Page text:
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Executive General Manager Suzanne Smith - Speech to the 2019 ASFA Conference

Thursday 14 November 2019

Reflections on a super year

Thank you for the opportunity to be here today at ASFA and once again I’m pleased to be sharing the stage with Danielle and James.

With only 40 sleeps until Christmas, I am sure the majority of you here feel very much like me – it can’t come soon enough. 

In thinking about what I would say to you today, I wanted to use the letter we issued to industry in March this year as a point of reflection for what has been achieved and as a base for considering what more there is to do. This letter covered areas where we expected industry to lift and do more and also areas where APRA was looking to drive change or uplift internally.

What I won’t cover today is the soon to be released MySuper heatmap. I know this is front of mind for trustees and the broader industry at the moment, however you will need to wait until tomorrow, when Helen Rowell will reveal all in the first session of the day. 

So… 2019! I don’t think anyone will disagree that 2019 has been another significant year – that applies to both the superannuation industry and APRA as well.

On March 27 this year, APRA issued a letter to trustees titled “Putting members first – expectations and areas of focus for the year ahead”.

Assessing and improving member outcomes was number one, and this is now the foundation of the new prudential standard SPS 515 – Member Outcomes and Strategic Planning. The standard commences from 1 January 2020, requiring trustees to undertake an annual Business Performance Review, a component of which will include the new legislated Outcomes Assessment enshrined in the Superannuation Industry (Supervision) Act (SIS Act).

With the final prudential standard released in August this year and the last stage of guidance set for release in the next few weeks, APRA expects trustees to be well advanced in their thinking about strategic planning, cohort construction and benchmarking of performance. 

Supervisory engagement to date suggests that entities with more sophisticated and robust strategic planning processes are further advanced and better placed to implement the new requirements. There is also evidence of good work being done to understand membership cohorts, based on key characteristics and demographics, to provide greater insight into the needs of the trustee’s membership base. 

Choice products and benchmarking have raised the most concerns and questions for trustees. While we acknowledge that, absent the pending SIS regulations, there may be challenges in undertaking the Business Performance Review and Outcomes Assessment for choice products, and particularly for wrap platform products, this should not preclude trustees from using their best endeavours to undertake meaningful benchmarking and peer comparison. Our expectation is that trustees give effect to the requirements in a genuine and thorough manner, to fulfil trustees’ fiduciary obligations and to truly put members’ interests first.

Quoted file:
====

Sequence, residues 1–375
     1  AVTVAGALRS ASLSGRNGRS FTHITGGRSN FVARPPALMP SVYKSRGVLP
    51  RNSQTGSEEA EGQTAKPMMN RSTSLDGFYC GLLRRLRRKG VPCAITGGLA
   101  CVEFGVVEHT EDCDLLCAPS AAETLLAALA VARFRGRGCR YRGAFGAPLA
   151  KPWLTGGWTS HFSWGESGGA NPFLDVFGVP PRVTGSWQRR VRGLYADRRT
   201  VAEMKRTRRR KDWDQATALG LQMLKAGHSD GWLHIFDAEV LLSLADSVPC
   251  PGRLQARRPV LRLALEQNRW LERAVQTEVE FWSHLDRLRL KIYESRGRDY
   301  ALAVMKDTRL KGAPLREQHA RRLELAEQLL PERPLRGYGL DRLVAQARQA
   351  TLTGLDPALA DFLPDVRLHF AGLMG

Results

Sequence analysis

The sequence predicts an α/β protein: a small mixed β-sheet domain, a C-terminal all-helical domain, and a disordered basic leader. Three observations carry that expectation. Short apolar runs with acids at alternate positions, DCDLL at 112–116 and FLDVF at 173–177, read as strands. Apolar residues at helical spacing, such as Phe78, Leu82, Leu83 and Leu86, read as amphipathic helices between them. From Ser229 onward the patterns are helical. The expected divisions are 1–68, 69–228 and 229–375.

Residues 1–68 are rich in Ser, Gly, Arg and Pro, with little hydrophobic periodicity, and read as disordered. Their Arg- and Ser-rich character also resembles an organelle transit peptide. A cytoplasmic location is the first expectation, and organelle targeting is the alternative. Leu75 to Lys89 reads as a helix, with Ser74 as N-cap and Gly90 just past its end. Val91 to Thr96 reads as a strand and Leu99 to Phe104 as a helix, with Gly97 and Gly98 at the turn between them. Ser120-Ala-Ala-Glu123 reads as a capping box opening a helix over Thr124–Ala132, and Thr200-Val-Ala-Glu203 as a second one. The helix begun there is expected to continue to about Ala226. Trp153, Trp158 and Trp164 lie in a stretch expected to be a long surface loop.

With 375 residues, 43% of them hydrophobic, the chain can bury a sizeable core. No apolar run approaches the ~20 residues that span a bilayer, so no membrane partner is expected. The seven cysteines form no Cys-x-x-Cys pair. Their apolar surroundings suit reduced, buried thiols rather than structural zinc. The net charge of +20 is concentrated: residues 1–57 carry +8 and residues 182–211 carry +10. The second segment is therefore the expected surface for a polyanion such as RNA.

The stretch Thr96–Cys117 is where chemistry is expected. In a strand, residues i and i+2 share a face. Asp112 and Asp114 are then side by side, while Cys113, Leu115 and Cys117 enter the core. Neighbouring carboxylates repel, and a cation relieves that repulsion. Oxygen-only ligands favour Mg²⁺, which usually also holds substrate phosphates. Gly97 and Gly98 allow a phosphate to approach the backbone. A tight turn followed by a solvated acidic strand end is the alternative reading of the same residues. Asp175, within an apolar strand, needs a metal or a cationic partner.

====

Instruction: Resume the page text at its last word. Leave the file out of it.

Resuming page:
Pleasingly though, the term “member outcomes” is now more commonplace across the industry and the narrative is shifting towards members being the key focus in the decision-making processes of trustees.

Trustee board capabilities and culture was the second key area noted in the letter and this has also been a significant focus in our prudential engagement work this year. However, this remains an area where we think many trustees have more to do. With a mandate to preside over billions of dollars of members’ money, it is essential that trustees have a board with the right mix of skills and capability and importantly, that the people on the board are up to the job in terms of both capability and commitment. This is not about set and forget; rather, it needs to be a dynamic and forward-looking process linked closely to the strategic planning of the trustees. 

Importantly, our expectation is that boards are committed to mandating director tenure limits. With proper and early succession planning, use of ‘exceptional circumstances’ should be more on the ‘rare and unusual’ side, as opposed to commonplace practice. With new business models emerging and the investment and operating environment growing in complexity, the dialogue with shareholders needs to be focused, front and centre, on capability and skills of directors, with an important consideration being to balance the need for continuity and experience with fresh perspectives. 

Stronger and earlier dialogue with shareholders in relation to future board representation in the face of merger opportunities is an area where trustees need to do more. For every merger that is getting past the board composition hurdle, there are others that are continuing to find this a significant stumbling block.

In the area of risk governance, we are pleased to see several of the large funds leading by example and elevating the positon of Chief Risk Officer to the executive team, beyond the minimum standard outlined in SPS 220. In many instances, this has been coupled with revisions of risk management frameworks to better embed the three lines of defence across the organisation.

We will continue to focus on the strength and depth of risk practices across our regulated entities, through our supervision activities and leveraging our dedicated team focused on governance, risk culture, remuneration and accountability (otherwise known as GCRA). As stated very clearly in our letter, APRA does not see any rationale for a modern and mature financial institution not to have an independent and well-resourced risk function, including a Chief Risk Officer with a direct reporting line to the CEO and regular access to the board and board risk committee.